I have no idea what laws or governance inform each state regarding driver licenses, vehicle registration renewals, and all such related matter. Living in Washington, we can do the majority of this stuff, except for that very first driver’s license issue, online.
I have for many years renewed my car license tabs online and they just mail them to me. Simple and quick, which is what I like.
Years ago, our systems began to allow for extended driver’s license renewals. That simply meant that if you are a relatively competent driver, you don’t move around a lot, change your appearance, or in some other way place yourself under the watchful eye of the law, then you had no need to renew your driver’s license for about five years. The great thing also was that you could renew online. It was as easy as checking a few boxes, being told that you were stuck with the same god-awful picture, (because who has ever seen a really GOOD driver’s license picture) and then waiting for the new license to arrive in the mail.
So, in 2009, when my license was due for renewal, that’s exactly what I did. The picture on that license wasn’t the worst one I’ve had taken, although my very pixie-short haircut has changed, and I fudged on the weight category a bit. So when the license came in the mail I put it away in my purse where it has remained, virtually untouched, and unread, for the last five years.
Today, while online renewing my car license tabs I came across a handy new service from our Department of Licensing that appears to be an improved version of the older online experience. Great, I thought, and proceeded to sign up, click a few boxes, enter my credit card information, and await my license tabs in the mail.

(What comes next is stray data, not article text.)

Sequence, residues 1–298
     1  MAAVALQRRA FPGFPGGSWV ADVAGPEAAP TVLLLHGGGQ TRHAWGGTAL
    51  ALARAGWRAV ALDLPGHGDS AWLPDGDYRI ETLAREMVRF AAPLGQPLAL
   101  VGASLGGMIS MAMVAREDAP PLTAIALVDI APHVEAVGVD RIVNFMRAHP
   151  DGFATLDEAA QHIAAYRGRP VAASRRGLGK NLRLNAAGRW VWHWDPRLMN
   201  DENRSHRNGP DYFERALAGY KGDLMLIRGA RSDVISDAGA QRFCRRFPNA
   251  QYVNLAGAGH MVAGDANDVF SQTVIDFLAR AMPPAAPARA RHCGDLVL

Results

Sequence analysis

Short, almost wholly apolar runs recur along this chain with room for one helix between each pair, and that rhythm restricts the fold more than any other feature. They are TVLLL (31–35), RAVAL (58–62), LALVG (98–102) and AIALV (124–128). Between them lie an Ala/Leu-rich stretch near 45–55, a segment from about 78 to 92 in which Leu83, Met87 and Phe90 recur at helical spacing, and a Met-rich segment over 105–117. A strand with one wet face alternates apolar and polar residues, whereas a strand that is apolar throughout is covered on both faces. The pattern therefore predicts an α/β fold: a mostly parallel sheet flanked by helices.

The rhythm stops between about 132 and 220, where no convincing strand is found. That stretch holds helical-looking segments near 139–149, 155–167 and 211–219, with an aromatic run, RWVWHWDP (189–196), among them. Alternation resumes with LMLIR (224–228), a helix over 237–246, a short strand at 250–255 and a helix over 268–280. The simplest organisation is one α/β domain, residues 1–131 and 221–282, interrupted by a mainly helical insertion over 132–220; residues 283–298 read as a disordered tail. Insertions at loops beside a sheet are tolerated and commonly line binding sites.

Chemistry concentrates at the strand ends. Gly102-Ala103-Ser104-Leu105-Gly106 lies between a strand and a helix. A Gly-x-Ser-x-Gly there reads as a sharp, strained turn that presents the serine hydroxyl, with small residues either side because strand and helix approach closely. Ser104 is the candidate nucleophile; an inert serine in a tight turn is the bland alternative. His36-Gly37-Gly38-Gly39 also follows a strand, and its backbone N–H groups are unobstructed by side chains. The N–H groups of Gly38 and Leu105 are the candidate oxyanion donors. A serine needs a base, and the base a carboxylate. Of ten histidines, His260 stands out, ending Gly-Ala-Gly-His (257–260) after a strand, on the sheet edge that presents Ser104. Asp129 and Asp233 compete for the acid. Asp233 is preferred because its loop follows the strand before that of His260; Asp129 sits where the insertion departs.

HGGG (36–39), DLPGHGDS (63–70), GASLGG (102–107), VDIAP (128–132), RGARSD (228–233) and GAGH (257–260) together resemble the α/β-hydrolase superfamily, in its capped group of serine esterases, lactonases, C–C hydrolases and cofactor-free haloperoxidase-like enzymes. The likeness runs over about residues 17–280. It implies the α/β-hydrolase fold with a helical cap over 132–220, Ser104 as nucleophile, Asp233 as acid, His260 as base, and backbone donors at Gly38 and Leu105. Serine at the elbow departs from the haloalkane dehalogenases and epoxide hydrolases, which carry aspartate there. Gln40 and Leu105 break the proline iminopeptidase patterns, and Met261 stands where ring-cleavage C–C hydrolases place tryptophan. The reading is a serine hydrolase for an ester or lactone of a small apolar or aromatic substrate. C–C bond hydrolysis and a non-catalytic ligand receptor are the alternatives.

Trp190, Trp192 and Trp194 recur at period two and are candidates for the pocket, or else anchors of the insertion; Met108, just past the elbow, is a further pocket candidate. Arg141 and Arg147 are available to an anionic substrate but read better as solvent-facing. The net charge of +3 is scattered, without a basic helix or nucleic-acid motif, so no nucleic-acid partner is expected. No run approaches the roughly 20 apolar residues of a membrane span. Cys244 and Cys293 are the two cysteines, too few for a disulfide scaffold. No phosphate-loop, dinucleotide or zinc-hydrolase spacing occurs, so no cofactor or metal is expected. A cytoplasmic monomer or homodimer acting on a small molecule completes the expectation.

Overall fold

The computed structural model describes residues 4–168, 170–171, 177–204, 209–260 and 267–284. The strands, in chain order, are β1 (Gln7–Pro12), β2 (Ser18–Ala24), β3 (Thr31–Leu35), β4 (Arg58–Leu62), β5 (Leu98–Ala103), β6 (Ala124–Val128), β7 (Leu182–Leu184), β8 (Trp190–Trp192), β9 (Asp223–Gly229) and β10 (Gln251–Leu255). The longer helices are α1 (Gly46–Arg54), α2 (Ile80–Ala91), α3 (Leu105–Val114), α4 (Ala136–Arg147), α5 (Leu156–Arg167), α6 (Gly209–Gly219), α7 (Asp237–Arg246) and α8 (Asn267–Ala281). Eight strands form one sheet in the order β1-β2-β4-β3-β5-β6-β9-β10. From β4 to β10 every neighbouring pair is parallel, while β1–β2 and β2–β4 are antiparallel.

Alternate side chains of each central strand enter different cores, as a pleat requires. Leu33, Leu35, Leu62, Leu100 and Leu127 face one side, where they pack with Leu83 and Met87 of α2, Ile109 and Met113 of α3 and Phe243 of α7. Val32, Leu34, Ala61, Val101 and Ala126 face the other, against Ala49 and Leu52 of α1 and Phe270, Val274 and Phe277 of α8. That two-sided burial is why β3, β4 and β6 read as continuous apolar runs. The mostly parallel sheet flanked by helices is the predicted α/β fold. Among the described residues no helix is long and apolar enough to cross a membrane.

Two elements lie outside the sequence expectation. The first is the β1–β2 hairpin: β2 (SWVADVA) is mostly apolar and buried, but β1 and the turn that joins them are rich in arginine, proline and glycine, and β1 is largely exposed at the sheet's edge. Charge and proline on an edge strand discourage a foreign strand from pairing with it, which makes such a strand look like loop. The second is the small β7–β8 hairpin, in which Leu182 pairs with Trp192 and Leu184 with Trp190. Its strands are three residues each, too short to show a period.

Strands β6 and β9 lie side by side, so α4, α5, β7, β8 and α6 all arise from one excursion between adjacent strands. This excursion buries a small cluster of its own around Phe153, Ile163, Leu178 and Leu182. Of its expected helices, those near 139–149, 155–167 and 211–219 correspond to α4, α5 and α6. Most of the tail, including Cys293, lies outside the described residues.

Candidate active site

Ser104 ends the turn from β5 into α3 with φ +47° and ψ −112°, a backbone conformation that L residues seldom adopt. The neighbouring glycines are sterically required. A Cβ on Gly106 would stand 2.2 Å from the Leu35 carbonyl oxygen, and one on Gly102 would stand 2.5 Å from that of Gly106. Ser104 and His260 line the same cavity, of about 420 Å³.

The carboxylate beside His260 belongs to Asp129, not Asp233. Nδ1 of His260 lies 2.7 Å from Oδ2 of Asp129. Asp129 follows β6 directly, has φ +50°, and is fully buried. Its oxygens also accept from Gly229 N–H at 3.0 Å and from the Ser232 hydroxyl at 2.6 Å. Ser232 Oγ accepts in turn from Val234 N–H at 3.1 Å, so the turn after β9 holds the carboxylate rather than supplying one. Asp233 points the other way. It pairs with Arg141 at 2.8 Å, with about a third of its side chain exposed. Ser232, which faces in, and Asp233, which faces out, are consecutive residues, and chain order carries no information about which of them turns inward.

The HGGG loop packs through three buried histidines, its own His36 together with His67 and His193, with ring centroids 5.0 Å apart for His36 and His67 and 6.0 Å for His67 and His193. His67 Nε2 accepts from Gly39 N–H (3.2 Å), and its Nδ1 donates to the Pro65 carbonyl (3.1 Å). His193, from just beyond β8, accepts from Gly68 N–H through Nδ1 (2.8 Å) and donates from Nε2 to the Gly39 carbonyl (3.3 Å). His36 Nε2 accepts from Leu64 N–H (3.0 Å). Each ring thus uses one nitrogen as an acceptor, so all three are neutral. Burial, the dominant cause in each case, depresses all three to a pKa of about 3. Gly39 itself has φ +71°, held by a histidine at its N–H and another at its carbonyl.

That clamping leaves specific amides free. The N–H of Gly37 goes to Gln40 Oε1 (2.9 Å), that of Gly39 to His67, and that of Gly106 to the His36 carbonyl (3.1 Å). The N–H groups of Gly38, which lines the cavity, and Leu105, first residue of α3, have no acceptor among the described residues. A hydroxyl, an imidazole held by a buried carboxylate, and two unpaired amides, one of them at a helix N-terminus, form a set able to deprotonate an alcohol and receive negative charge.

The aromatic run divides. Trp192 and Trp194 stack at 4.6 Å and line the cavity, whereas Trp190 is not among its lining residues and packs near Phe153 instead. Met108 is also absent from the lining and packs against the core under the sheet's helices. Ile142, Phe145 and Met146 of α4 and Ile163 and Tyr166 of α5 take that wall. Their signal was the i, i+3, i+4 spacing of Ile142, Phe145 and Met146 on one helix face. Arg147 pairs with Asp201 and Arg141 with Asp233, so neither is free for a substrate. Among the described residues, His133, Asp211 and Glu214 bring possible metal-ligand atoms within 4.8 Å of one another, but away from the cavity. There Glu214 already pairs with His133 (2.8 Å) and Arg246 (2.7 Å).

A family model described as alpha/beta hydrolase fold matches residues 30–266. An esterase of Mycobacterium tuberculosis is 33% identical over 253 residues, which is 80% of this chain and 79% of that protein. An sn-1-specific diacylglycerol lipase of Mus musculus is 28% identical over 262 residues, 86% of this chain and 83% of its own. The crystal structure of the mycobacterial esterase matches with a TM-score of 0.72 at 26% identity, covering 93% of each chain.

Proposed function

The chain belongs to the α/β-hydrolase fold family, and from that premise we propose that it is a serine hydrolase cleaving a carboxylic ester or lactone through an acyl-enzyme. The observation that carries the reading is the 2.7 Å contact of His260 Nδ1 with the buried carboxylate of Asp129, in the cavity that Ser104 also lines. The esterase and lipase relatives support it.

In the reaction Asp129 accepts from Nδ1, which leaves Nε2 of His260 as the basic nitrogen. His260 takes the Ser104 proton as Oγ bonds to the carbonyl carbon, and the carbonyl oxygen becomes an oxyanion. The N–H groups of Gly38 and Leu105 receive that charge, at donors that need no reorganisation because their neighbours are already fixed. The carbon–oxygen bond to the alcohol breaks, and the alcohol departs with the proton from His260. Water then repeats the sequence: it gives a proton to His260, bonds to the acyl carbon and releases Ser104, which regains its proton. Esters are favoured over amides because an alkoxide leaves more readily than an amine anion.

Another notice also popped up in my browser window. Something sorta like:
Deborah: (cause that’s my official name) [In bold RED letters]
License Expired: 09/16/2014
Yep, that’s right. I’ve been driving for over a month with an expired license, and the sad thing is that, had I not had to renew my car tabs, I would probably not have realized this little point of fact.
The lovely lady at the Department of Licensing was kind. She did not make me feel incapable of functioning in society. She did not make any mention that turning 55 suddenly makes you old and forgetful. She simply double checked my information, checked my eyesight, took my $54 and sent me over to have my new picture taken.
I now have my temporary and valid driver’s license in my purse. We won’t even begin to discuss the picture on this one except to say that I wanted to plead for a heavy bribe to use the old one, even though my appearance has changed dramatically, but thought they might not take too kindly to that idea. The positive side to a rotten picture, if anything like last time, is that the license never gets pulled out of my purse anyway. It’s not like I’m flashing it around, or getting carded when I buy a bottle of wine anymore.
Besides, the new license won’t expire for six years. I can’t even imagine how much different (notice I didn’t say older) I will look by then. If need be I can just go visit the office in person and get a new picture taken…unless I forget.
This new system assures me of an email reminder. I thought the old system did that as well. I even asked the kindly lady about this while apologizing profusely for my error. Her statement went something like, “Well…the state doesn’t always send those reminders…”
I’m thinking that a petition needs to be made requiring the state to send those reminders to anyone over 50. Let the younger driver’s take their chances–me…I’d rather have a gentle reminder.